In a nutshell:
Overall youth and inexperience will hurt Jacksonville more than anything. The need to just feed MJD on offense and blitz relentlessly on defense to find an identity.
Consistency is Tennessee’s greatest offensive obstacle right now.
Even with Chris Johnson accounting for 1,243 rushing yards in 2012, he only hit over 100 yards five times. And eight times he gained fewer than 60. Now the offensive line was addressed in landing Andy Levitre, and tight end Delanie Walker brings additional run-blocking/playmaking capabilities.
Don’t be surprised to see some carries taken away from Johnson, though, and have those given to the newly acquired Shonn Greene. Greene brings the size and power to punch inside and is definitely a downhill runner. The back tandem simply takes pressure off Jake Locker and the sub-par aerial assault where only one target (Kendall Wright) caught more than 50 passes in 2012.
The good and bad of Tennessee’s defense stick out quite well. Last season the Titans had 39 sacks and 19 interception. Unfortunately, Tennessee also allowed a 66.3 completion percentage, 31 passing touchdowns and 16 rushing scores.
The safety duo of Bernard Pollard and Michael Griffin will slow down opposing teams’ big play capabilities. But the front seven has to significantly improve against the run. Allowing an average of one rushing score per game doesn’t bode well for controlling the line of scrimmage.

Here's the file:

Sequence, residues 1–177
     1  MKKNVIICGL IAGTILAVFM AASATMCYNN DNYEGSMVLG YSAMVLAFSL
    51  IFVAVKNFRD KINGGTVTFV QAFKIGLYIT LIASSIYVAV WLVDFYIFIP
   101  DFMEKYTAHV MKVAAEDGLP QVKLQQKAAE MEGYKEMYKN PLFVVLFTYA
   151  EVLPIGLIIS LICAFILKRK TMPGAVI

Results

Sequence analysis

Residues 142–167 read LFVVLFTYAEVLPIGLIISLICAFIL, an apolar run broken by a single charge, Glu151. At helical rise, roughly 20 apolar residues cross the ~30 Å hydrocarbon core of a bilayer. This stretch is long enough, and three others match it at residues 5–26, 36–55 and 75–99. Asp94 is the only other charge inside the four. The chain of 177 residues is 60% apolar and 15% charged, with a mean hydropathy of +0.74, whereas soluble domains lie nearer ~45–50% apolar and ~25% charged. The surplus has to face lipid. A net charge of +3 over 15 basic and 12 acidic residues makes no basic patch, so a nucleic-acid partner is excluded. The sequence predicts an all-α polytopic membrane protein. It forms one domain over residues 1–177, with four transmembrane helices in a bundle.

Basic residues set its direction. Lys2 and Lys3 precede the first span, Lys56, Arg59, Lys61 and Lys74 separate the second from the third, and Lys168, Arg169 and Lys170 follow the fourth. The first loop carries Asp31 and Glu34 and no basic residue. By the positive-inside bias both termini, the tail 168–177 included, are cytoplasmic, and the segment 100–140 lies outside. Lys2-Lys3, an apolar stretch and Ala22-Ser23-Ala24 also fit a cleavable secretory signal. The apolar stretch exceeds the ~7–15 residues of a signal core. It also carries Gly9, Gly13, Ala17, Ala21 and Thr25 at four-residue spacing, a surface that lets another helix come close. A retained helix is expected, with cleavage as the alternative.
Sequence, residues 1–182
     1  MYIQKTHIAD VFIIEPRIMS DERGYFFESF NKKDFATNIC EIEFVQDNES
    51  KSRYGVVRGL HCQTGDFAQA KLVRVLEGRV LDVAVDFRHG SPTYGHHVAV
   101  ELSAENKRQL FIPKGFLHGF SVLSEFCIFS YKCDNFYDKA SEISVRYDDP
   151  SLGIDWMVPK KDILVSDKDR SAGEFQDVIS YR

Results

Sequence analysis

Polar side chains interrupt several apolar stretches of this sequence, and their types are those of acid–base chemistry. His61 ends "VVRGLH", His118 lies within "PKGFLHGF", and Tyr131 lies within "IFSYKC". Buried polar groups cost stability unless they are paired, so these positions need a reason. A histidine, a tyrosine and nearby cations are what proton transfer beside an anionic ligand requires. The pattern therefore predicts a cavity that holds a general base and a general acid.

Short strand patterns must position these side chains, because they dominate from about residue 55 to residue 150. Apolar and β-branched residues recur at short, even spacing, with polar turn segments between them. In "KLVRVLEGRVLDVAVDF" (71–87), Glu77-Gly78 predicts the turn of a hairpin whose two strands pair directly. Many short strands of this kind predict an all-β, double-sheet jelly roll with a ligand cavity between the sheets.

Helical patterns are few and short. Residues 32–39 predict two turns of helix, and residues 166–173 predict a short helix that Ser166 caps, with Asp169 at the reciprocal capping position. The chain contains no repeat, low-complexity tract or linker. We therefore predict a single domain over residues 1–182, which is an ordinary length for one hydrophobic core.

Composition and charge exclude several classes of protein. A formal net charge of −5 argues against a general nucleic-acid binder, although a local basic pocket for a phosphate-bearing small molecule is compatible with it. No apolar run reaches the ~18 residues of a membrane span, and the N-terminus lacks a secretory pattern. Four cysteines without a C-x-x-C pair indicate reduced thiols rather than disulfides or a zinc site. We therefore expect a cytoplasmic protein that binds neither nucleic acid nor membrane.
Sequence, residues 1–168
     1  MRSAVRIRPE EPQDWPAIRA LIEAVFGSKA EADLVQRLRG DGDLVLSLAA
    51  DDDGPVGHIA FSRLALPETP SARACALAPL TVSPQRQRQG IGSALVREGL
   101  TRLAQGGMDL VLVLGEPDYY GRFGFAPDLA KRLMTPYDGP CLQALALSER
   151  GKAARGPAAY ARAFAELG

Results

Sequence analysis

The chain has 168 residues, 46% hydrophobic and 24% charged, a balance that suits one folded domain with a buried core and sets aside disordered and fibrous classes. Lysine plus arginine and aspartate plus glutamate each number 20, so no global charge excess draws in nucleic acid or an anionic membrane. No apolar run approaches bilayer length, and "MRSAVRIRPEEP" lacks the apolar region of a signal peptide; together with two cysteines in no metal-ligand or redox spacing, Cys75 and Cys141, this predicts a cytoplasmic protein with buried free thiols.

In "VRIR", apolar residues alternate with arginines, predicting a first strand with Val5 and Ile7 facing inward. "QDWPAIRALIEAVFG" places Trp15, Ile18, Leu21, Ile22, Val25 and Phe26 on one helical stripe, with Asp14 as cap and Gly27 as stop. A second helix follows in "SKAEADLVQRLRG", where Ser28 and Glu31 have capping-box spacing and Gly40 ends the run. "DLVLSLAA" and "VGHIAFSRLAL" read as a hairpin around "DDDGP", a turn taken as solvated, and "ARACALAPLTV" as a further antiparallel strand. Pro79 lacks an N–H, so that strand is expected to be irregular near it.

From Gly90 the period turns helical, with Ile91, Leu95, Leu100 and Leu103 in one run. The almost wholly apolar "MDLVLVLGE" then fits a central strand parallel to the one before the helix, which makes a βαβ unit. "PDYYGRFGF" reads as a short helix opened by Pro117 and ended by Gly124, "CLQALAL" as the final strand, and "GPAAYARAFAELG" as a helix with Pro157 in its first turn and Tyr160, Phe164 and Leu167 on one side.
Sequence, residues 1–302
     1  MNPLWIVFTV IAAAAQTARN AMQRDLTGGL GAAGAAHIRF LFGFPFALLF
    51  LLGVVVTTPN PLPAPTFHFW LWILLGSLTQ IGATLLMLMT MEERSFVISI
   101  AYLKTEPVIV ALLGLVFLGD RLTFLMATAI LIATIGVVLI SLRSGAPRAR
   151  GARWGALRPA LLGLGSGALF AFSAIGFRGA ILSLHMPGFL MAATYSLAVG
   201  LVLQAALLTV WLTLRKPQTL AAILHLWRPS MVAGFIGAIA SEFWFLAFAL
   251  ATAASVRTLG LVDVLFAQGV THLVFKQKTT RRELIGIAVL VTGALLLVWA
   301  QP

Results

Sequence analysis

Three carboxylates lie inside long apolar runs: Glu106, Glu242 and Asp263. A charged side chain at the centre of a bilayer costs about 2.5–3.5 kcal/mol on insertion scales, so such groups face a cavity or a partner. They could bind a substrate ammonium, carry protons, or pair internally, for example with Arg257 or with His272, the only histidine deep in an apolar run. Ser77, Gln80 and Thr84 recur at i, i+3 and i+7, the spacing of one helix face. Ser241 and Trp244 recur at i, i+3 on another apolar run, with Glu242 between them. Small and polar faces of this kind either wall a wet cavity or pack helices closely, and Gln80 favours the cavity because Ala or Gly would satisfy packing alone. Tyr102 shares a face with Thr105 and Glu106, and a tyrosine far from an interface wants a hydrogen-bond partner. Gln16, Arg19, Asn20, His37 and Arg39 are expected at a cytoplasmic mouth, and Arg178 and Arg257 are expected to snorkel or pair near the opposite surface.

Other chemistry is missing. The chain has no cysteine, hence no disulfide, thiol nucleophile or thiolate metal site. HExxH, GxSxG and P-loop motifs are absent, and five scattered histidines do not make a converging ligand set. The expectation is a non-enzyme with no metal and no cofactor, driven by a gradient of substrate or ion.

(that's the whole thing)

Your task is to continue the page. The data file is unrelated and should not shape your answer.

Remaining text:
There is a decent pass rush, but sack opportunities will also increase when the coverage improves. As the season progresses, the Titans must get overly aggressive versus the run with Zach Brown, Tim Shaw, Akeem Ayers and other contributing linebackers. Failing to do so will put the secondary in a tougher spot to defend consistently.
In a nutshell:
The Titans must provide a heavy dose of Johnson and Greene to wear down opponents early on. Not only will that set up play-action, but it keeps Tennessee’s lackluster defense off the field and helps win the possession battle.
The AFC North is a two-team race between the Ravens and Bengals and the AFC South mirrors that with the Texans and Colts. The only difference being that this division has a much wider gap by comparison.
Houston is the most complete team and its defense only improved with the addition of Ed Reed. It will be exciting to see him across from Andrew Luck two times this season. The Colts are still multiple steps back of the Texans defensively, but also ahead of Tennessee and Jacksonville.
The Titans have a strong running game to minimize an opponent’s number of possessions, but not much of a passing game to constantly prevent a defense from stacking the box. Jacksonville is similar, which also keeps them well behind Houston and Indy.
1. Houston Texans
2. Indianapolis Colts
3. Tennessee Titans
4. Jacksonville Jaguars